When you started your property hunt, you probably expected your search to end with your owning and fully controlling it. Unfortunately, as you go through the buying process, you could discover that certain factors may prevent you from having full control and ownership of the property.
Encumbrances are not necessarily unusual, but they can prove frustrating. These items may limit your use of the property or your ability to sell the property at some point in the future. It’s vital to understand the impact of any encumbrances on the property before you close the deal. The two types of encumbrances you may discover are liens and easements.
Let’s look at liens first
Liens will certainly affect your ability to purchase the property. The seller will need to resolve them prior to closing unless you make other arrangements. The types of liens the property may have include the following:
- Mechanic’s liens
- Income tax liens
- Property tax liens
- Ownership or interest in ownership claims
- Past due child support
- Past due homeowners’ association dues
There could be other claims to the property not listed above, but these tend to be the most common. If not resolved, liens would definitely hinder you from selling the property.
Now let’s look at easements
Easements allow someone else to use part of the property. The most common type is a utility easement, which is necessary for the property to have electricity, water, gas, cable and more. Another type of easement seen more often than others allows the owner of property adjacent to the one you want to buy to cross over it. This ordinarily happens when a piece of property is situated in such a way that the owner cannot access it directly from a roadway.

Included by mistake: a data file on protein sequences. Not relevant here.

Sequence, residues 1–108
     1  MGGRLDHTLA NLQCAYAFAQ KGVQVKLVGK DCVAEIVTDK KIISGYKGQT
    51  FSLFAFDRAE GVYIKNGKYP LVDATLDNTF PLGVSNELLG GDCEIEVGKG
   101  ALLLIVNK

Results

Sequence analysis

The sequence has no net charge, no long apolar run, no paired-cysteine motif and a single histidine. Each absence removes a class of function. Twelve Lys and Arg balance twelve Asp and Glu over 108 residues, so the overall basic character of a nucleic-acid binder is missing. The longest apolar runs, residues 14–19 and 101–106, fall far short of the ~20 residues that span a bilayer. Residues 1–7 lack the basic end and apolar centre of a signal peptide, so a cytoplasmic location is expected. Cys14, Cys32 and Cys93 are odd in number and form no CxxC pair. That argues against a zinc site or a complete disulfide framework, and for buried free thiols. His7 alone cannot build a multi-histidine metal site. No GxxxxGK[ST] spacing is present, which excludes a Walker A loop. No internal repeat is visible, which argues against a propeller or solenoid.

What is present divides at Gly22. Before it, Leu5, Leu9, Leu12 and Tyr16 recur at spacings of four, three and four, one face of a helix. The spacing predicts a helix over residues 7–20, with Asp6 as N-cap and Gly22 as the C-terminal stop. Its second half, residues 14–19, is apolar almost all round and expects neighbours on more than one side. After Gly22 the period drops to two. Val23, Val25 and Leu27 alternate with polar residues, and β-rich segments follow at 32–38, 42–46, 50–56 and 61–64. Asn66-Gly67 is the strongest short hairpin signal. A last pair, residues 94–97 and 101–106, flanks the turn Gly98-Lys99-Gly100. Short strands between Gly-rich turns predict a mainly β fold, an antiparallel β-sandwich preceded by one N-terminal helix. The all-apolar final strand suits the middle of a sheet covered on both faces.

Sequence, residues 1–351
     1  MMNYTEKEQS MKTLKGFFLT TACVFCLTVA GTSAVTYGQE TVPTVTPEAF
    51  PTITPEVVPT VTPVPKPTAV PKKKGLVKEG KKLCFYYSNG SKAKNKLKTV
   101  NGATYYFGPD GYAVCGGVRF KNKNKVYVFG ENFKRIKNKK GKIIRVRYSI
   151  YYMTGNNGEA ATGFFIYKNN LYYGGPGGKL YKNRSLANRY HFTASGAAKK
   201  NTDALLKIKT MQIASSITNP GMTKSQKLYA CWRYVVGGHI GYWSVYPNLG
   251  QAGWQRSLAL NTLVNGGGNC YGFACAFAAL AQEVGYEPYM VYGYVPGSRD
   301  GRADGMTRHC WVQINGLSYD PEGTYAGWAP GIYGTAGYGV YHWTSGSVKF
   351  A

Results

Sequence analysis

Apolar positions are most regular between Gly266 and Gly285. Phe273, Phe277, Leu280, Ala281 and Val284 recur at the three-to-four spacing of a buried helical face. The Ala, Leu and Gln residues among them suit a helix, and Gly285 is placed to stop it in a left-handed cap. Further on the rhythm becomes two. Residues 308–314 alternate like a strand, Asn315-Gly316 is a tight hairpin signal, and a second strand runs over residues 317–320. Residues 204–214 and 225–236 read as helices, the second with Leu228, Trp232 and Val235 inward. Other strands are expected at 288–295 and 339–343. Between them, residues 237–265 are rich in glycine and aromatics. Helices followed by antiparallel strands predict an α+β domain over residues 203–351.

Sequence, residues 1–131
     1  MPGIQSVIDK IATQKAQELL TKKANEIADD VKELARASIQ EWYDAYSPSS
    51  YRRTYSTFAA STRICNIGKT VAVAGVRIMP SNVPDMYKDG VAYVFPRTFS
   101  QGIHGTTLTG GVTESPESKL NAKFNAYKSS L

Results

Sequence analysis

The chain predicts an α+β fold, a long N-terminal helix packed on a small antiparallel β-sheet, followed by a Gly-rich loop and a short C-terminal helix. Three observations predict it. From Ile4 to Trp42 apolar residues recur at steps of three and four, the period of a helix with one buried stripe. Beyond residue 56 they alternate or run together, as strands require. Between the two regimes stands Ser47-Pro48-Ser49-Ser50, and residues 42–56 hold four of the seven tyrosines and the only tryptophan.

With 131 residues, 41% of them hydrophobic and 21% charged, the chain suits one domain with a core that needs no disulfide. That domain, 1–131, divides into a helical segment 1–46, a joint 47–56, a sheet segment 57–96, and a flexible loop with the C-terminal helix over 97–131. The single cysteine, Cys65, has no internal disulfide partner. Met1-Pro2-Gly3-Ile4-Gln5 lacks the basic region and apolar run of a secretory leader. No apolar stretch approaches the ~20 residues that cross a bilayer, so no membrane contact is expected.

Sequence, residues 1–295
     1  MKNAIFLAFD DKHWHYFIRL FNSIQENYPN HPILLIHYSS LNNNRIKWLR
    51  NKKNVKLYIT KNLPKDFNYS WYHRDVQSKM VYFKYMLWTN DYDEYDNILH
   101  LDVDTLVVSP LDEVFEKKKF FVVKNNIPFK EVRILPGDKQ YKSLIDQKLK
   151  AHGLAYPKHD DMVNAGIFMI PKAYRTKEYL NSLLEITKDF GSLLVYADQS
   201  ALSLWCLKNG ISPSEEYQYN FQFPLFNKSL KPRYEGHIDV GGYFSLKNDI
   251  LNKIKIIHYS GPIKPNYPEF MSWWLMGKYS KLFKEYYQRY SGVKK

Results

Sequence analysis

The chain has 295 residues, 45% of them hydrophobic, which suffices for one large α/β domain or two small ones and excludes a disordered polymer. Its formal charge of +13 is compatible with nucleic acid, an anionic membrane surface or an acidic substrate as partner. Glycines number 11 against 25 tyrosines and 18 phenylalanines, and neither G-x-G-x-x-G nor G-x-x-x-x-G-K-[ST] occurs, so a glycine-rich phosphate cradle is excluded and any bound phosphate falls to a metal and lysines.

Other easements could also be on the property, and you will need to determine whether they will substantially interfere with your use and enjoyment of the property or not. You may be able to terminate some easements, but others cannot. On the other hand, you may also create easements on the property depending on the circumstances.
Examining the encumbrances
It is crucial that you investigate and understand the impact of any of the above encumbrances that may be on the property before deciding to purchase it. You don’t want to buy the property and then discover you have one of the aforementioned issues. An attorney could review any encumbrances, advise you of your rights and tell you what your legal options are regarding them.